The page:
I recently had a chance to sign up for a masters course in Human-Computer Interaction but decided against it. Before that, I never had a chance to study design and that didn’t stop me from actually becoming a designer.
I come from a small, seaside town in Slovenia. By the time I finished high school I had already been designing and building websites for a couple of years. There was no digital design course in any of the faculties in Slovenia at the time so I decided to sign up for the Computer Science course in Ljubljana—Slovenia’s capital. I didn’t know what to expect but shortly after I started the course I realized that it wasn’t for me. Looking back now, I think I just wasn’t mature enough to see the potential in learning Java and stuff. So I dropped out.
Dropping out meant that I had to move back to my hometown and sign up for a course there. With a limited range of those available locally, I decided to study Management. Not because I had a dream of becoming a manager or an economist, it was simply the most generic option out there. And you know what they say—you need a degree to even stand a chance to get a job. All this time I was still designing and building stuff. Not just websites, but user interfaces and user experiences as well. I started out being completely clueless what UX design actually is. Whenever I didn’t know something, I improvised, made mistakes and learned from them.
Because there was no course guiding me towards “what I should be learning” I basically learned a bit of everything. I was frustrated by doing everything for my clients until I learned about the T-shaped skills at some point. I then decided to become a specialised generalist and systematically develop my skills which included front-end development, writing, management, UX research so they would complement my UX/UI and visual design skills well. I was never happy doing just one step in the process and handing it over to the next person in line.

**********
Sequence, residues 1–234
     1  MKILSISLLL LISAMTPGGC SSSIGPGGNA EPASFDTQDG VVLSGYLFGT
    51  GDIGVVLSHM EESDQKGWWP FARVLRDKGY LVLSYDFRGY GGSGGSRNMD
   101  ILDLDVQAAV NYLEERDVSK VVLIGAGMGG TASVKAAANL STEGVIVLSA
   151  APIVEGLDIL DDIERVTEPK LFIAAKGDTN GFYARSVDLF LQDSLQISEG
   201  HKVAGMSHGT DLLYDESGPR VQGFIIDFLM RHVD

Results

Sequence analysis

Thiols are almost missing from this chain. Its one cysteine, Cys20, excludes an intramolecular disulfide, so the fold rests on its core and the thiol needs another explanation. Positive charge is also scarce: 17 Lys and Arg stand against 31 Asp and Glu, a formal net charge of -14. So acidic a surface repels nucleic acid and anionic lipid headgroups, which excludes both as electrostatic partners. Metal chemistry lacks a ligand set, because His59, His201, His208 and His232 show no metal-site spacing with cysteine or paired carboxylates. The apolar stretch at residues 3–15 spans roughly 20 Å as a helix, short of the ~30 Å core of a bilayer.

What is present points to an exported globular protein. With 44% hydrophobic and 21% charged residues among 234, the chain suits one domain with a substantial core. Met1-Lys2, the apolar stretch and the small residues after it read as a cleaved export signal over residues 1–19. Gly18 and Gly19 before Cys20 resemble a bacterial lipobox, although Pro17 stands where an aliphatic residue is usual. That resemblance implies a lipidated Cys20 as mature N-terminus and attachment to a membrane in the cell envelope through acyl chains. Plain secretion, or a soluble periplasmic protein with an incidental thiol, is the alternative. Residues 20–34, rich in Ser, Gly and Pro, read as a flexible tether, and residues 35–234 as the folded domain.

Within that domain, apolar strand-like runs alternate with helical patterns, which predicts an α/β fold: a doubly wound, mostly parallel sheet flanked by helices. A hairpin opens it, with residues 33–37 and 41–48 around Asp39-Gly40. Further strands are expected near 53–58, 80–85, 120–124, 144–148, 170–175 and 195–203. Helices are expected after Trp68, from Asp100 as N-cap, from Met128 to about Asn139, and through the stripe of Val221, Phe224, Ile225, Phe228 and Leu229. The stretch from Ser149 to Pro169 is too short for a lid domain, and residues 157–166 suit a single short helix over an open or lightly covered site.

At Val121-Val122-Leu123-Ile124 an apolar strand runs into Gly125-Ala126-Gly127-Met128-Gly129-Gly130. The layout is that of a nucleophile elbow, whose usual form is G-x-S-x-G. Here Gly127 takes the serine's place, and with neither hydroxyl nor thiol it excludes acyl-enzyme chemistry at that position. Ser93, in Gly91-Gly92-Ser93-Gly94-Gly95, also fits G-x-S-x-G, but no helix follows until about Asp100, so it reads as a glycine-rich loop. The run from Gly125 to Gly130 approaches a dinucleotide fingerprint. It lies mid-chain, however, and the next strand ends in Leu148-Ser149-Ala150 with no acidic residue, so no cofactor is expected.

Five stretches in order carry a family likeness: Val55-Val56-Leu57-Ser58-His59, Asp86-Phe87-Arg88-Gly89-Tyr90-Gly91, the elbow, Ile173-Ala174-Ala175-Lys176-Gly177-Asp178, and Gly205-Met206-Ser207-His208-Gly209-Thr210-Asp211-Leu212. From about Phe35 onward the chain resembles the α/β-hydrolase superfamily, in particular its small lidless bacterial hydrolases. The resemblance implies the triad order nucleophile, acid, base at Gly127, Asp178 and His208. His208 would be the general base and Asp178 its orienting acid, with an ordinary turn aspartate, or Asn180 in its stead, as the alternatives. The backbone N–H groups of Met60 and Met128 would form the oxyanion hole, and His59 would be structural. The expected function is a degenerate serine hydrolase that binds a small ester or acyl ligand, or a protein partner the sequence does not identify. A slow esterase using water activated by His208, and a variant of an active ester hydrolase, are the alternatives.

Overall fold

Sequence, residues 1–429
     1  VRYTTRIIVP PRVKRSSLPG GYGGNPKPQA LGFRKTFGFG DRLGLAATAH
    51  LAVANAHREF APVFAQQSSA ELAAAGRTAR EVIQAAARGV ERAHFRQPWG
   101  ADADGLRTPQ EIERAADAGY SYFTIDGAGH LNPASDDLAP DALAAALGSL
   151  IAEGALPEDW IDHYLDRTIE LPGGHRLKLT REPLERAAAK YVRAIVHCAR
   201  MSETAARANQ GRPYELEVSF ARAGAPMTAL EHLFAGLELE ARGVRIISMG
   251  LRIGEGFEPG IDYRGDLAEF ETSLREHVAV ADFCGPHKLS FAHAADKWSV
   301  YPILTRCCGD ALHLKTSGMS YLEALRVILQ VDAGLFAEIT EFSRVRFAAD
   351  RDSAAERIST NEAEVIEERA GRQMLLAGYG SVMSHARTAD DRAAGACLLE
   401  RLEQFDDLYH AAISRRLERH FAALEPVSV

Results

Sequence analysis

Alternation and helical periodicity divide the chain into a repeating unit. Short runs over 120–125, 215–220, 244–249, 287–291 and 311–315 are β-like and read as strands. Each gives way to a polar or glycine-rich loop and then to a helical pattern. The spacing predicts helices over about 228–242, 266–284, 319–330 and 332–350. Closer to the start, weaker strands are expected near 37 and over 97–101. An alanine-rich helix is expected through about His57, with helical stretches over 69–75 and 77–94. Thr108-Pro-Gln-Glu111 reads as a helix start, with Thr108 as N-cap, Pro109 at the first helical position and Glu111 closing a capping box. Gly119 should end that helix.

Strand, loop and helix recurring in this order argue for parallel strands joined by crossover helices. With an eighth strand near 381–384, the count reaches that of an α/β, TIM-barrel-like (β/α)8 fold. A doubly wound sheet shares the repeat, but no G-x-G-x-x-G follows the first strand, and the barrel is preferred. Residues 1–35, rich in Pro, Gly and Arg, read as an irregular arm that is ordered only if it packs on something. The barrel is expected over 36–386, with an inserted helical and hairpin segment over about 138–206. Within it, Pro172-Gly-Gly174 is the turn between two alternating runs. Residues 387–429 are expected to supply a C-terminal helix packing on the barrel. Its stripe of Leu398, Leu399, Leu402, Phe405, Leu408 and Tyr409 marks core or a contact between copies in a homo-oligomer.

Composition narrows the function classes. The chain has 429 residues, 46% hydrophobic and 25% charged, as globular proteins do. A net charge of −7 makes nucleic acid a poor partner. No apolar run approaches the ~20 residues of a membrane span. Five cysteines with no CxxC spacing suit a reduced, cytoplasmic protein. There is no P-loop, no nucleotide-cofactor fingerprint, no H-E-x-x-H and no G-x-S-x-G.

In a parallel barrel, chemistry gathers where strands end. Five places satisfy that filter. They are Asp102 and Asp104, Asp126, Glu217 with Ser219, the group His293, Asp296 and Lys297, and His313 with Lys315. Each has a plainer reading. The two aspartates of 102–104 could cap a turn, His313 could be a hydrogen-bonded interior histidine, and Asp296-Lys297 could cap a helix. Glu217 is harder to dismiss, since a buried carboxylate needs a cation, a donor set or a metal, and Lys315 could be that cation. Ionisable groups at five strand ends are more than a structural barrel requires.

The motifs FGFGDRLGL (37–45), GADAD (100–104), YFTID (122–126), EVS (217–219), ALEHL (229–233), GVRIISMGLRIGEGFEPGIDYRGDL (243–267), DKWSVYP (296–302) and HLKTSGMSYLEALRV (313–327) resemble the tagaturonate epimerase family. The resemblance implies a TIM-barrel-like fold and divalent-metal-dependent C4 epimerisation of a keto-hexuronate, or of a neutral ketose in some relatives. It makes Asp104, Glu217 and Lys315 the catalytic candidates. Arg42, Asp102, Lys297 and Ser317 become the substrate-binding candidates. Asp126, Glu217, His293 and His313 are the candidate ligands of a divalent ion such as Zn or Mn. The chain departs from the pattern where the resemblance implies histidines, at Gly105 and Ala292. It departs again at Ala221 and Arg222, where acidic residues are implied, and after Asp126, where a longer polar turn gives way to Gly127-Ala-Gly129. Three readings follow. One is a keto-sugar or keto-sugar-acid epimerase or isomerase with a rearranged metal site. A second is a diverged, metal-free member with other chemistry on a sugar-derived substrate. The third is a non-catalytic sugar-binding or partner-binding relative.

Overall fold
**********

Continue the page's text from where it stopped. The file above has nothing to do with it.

Thinking about it now, I believe I had a privilege of not being able to study design. Privilege because I had to learn everything I know by myself. It’s a privilege also because I had the passion for doing design driving me onward. So I actually ended up doing what I really love, it was never just a fling. It was, and still is a journey driven by excitement of creating things and a hunger for learning. It started out as a dream, a hobby even. I never planned on becoming a designer but at some point it became a dream. A dream that was up to me to fulfil. And in the end, it was a privilege because I didn’t follow an established path towards becoming a designer. I learned what I had to, to get the job done, not something that a professor threw into a course’s curriculum. It was never something I could take for granted, it was something I had to fight for. If I wanted to be a designer, I simply had to do what designers do. That’s it, it’s as simple as that.
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